In Henry David Thoreau (1817 - 1862) we have a philosophy of rugged self-reliance, pure individualism, in which one’s best self flourishes, free of political and religious allegiance. True community then, is found in the communing of real individuals – in shared recognition of the divine within each of us.
In a desire to actualize this philosophy, Thoreau took to the woods for two years (1845 – 1847), living on the shores of Walden Pond, Massachusetts, on a piece of land owned by Ralf Waldo Emerson.
“I went to the woods because I wished to live deliberately, to front only the essential facts of life, and see if I could not learn what it had to teach, and not, when I came to die, discover that I had not lived.”
This romantic idea of throwing off the shackles of contemporary life is undeniably appealing. In the history of religion there are countless examples of individuals taking to the wilderness, such as the desert fathers, in search of solitude. In Thoreau’s masterwork ‘Walden’, Thoreau recounts his time in the woods, and expounds upon the conceptual underpinning of this venture. The real gem within the work though is the chapter on solitude itself.
“I find it wholesome to be alone the greater part of the time. To be in company, even with the best, is soon wearisome and dissipating. I love to be alone. I never found the companion that was so companionable as solitude.”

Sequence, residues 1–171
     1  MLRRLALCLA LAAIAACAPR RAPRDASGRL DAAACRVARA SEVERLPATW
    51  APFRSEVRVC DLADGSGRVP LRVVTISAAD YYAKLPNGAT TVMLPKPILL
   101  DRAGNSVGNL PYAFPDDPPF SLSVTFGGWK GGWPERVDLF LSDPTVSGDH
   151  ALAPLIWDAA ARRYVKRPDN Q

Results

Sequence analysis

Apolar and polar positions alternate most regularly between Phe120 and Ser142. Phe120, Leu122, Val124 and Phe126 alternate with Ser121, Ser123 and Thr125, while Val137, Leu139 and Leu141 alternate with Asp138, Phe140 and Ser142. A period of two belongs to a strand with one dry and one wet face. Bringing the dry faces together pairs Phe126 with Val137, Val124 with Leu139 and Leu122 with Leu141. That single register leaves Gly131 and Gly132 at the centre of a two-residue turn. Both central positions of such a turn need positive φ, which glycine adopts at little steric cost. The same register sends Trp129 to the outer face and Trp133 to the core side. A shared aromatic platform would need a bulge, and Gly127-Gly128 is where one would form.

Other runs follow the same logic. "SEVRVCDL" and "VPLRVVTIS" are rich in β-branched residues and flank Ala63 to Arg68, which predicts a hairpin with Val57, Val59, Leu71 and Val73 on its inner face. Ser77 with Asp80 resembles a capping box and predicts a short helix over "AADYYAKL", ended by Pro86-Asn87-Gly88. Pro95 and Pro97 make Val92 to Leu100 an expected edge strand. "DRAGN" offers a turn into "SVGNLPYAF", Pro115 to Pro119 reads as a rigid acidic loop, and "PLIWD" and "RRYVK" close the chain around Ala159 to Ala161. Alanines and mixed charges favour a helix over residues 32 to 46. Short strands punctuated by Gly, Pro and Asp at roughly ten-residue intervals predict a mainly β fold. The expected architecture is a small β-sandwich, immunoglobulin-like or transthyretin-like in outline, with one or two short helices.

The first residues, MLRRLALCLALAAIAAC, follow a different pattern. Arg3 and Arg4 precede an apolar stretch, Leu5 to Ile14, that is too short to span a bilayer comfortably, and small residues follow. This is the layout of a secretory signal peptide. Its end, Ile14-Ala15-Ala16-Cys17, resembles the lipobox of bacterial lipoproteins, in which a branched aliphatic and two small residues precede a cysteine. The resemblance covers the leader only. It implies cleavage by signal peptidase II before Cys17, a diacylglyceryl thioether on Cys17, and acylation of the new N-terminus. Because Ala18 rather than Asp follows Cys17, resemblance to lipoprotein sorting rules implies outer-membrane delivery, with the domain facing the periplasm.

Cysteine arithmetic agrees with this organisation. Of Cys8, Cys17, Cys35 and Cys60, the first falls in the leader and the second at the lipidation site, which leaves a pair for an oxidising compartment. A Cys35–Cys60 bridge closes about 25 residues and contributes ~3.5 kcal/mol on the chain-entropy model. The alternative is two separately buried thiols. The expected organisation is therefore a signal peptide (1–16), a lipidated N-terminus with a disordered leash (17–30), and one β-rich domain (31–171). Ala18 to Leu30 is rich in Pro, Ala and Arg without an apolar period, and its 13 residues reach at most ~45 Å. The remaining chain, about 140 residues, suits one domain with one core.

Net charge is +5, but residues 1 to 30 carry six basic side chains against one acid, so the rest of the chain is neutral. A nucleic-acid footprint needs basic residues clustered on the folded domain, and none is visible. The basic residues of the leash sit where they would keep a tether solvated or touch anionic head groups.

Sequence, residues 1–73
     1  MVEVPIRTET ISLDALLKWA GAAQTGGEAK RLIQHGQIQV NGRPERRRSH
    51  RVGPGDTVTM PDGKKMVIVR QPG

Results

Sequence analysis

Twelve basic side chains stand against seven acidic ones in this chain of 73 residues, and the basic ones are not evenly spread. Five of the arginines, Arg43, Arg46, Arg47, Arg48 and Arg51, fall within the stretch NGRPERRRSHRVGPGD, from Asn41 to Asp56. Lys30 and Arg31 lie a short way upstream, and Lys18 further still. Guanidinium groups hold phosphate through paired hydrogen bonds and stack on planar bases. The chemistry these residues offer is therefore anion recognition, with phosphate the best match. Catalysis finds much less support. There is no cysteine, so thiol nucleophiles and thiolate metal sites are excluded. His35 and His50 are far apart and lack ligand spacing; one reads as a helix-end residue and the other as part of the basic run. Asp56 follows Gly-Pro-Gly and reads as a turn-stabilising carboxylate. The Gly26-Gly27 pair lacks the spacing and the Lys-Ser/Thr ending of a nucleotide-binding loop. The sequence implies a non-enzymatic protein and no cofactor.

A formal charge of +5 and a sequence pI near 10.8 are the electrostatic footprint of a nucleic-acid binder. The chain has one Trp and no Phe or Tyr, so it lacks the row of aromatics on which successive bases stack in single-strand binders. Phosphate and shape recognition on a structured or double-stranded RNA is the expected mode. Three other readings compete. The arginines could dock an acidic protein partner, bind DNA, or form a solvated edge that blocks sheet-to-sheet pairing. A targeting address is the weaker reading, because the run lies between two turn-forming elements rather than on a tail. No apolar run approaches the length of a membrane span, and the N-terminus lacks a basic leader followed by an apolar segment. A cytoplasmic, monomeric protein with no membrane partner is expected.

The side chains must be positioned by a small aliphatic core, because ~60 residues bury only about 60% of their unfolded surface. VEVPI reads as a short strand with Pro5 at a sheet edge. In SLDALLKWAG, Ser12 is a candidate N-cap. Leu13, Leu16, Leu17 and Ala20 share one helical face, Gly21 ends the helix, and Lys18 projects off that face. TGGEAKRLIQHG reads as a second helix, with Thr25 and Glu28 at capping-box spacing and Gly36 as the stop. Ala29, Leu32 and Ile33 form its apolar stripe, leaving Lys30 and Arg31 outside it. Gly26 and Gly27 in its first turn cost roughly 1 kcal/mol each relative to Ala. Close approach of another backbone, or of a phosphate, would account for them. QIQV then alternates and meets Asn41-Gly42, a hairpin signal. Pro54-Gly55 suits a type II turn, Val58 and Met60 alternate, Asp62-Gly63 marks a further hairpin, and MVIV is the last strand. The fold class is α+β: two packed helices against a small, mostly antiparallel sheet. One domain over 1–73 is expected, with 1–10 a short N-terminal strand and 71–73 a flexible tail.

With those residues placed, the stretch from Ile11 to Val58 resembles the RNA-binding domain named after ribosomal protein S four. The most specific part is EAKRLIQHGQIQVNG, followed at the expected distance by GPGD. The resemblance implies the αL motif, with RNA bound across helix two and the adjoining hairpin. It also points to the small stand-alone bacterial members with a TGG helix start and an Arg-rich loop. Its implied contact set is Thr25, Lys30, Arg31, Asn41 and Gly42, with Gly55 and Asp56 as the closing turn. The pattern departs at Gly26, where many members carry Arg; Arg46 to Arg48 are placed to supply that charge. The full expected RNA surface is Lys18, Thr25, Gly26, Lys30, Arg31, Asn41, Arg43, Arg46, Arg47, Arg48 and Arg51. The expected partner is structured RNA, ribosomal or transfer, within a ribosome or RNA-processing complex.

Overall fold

I both find this idea agreeable, for it certainly aligns with my disposition, and yet partly concerning, for it seems to me to indulge a narcissistic impulse. There seems to me to be a fine line between the self-edifying eremitic life, and simply disengaging from society for self-centred reasons. And yet I am unsure. Perhaps it is only perceived as self-centred by those not brave enough to disengage from society – those invested in society must justify their choice. Or, perhaps the value of extended periods of solitude is to be found in the insights such individuals bring back to society, such as Thoreau’s work itself.
Solitude can be a deadly counsellor, or friend of infinite worth. Perhaps any lack of true solitude within our current society should be taken as a societal ill – we are tentatively never alone - our ups and downs can be learnt of vicariously all the time. And yet perhaps the lack of true solitude impairs true connection – in our destitution we cannot really be known.
So I return to Thoreau and the Transcendentalists’ notion of the ‘communing of real individuals’. Perhaps the lure of tribalism blinds us from the true value of solitude, which in turn robs us of truly communing at all.